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Teens Find Ways to Produce False Positives On Covid-19 Tests

When I was a kid, I would try everything to get the thermometer warm enough to get my mom to let me stay home from school. Heck, they even used to sell fake vomit back in the day. But for kids now, it’s a lot harder to get around faking things. In the UK, teens are being tested weekly in order to keep the spreading of the Covid-19 virus to a minimum, using lateral flow tests. With extra testing kits laying around, teens have started mucking around with them. But now, they’ve found how to fudge the tests to indicate a false positive. You know, should they not want to go to school that day.

There are quite a few liquids you can use to mess up these test. Some include fizzy drinks like Coca Cola, fruit juices, and even ketchup. But that won’t keep them out of school for much longer than it would take a professional to test them and get the rapid results back. You’ve only earned yourself at most a day or two off.

Teens who found out how they could alter results took to sharing their findings on TikTok which is why the media blew up about it. It’s one thing to have an underground secret among teens but social media has made it so that parents are more in the know than ever. I mean come on guys, it’s common sense.

Anyway- in an interview with The i, British teen Amar said he wasn’t trying to be malicious in creating false positives. They were only “messing around.”

@amr.150

#duet with @amr.150 education purposes only dont report it pls 😭 #centralcee #covid #covidtest #education #fyp #viral

♬ original sound – Amr

“I’m not a serious person – the idea wasn’t to get a positive test, it was just to play around. The videos are just kids having fun at the end of the day, I was bored and I found it fun, I liked doing it. I want to try something that no one’s tried – maybe I’ll make a new one soon.”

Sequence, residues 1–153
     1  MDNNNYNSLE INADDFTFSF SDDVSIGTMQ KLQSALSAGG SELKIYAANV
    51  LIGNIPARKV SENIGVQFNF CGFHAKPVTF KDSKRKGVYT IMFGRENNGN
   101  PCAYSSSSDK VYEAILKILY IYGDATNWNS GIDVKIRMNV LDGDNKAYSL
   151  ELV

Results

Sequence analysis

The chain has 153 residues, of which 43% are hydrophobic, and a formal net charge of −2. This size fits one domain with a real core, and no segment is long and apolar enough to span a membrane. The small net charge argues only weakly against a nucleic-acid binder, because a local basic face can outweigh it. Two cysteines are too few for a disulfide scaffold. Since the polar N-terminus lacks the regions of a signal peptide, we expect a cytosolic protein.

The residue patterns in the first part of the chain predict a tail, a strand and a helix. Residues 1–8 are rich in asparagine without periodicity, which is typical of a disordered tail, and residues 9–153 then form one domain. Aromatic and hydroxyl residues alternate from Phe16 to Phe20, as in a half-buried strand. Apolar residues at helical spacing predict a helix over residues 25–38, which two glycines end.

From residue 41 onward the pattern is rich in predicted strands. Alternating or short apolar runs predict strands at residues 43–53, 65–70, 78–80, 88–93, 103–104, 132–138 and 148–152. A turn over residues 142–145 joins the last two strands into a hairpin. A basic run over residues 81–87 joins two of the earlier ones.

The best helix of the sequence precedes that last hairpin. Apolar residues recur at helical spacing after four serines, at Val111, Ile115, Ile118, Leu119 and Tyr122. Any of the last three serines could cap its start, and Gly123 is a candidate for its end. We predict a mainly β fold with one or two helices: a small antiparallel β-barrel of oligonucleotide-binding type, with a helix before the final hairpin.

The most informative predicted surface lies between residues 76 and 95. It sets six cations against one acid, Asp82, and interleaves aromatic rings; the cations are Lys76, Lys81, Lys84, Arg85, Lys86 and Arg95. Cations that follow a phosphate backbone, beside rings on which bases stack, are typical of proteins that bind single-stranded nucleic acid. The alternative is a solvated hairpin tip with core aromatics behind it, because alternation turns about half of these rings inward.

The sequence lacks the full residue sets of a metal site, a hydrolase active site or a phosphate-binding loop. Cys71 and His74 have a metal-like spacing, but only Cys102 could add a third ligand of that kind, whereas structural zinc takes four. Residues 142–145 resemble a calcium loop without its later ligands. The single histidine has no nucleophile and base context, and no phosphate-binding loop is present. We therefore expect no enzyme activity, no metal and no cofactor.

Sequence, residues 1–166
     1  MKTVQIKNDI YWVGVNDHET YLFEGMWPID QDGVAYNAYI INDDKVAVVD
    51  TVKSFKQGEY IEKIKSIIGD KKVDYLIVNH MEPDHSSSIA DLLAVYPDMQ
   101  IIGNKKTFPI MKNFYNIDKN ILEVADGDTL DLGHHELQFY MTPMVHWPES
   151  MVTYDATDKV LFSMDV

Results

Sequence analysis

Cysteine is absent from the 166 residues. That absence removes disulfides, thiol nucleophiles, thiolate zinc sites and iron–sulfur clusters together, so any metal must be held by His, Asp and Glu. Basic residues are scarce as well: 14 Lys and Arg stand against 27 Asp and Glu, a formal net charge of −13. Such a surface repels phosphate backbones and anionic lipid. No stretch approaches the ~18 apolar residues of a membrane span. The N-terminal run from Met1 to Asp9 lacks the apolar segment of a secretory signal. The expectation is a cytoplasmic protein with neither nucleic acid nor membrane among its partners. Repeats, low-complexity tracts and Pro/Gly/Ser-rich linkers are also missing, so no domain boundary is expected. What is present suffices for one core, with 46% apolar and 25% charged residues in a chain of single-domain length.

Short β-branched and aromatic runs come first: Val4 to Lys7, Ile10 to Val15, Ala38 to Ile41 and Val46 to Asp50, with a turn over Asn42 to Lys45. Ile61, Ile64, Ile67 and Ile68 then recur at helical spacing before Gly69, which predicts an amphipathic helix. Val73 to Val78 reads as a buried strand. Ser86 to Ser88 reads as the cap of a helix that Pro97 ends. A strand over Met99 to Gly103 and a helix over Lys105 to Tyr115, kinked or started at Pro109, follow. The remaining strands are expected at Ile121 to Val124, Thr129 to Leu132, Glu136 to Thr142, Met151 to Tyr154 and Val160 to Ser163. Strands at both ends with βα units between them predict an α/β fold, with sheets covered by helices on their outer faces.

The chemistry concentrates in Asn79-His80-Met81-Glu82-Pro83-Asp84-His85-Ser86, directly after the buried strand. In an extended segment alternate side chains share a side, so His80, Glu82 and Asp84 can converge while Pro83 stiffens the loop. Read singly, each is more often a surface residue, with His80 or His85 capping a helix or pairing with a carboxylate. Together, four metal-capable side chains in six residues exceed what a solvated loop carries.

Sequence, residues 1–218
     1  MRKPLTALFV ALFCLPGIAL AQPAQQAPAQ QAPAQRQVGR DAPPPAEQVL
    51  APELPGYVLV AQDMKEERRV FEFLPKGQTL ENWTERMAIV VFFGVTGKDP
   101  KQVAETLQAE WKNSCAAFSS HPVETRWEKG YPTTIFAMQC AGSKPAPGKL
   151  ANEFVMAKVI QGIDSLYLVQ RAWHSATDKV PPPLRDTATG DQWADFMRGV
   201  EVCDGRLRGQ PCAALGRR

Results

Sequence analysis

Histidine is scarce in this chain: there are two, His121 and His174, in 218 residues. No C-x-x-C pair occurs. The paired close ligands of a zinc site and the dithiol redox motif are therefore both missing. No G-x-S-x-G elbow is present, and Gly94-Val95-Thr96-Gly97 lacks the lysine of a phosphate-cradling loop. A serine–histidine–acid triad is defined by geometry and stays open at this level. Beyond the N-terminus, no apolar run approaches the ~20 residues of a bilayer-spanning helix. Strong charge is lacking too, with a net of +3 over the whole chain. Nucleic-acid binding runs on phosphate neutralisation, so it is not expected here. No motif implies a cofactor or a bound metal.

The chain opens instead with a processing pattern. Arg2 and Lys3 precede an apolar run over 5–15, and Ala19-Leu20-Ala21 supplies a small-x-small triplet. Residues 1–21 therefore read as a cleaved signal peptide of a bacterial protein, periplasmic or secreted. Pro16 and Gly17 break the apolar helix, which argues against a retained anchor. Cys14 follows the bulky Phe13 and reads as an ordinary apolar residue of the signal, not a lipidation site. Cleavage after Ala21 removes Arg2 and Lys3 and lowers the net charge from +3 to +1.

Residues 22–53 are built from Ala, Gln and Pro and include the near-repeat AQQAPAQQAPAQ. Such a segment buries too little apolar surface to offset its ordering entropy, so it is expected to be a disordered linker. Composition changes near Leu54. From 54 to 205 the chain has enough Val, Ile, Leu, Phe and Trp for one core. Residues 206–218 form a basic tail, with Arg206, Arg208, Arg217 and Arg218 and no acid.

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The thing is- this could cause schools to have some issues. They’re trying their best to keep these kids safe, and if there is a false positive reported, that is cause enough for a string of emails to be sent out to kid’s parents who may have had exposure to the “infected” student. As to the validity of the tests themselves, Professor Andrea Sella of University College London told The Guardian these aren’t a ‘false positive’ in the true sense of the term.

“If someone deliberately mucks up the protocol then of course you’ll get a duff result, but I would add that it’s not a ‘false positive’ in the true sense. Because false positives are ones that take place in spite of adherence to the protocol,” Sella said.

A true false positive would be taking the test in earnest and getting a positive when not having it at all. These are just kids messing with the test in order to get the result they want. As far as what schools know about the issue, they say they haven’t had a problem with false positives, but the students could also just not be getting caught. Either way the schools will be keeping an eye on things a lot closer after teens exposed their methods on TikTok.

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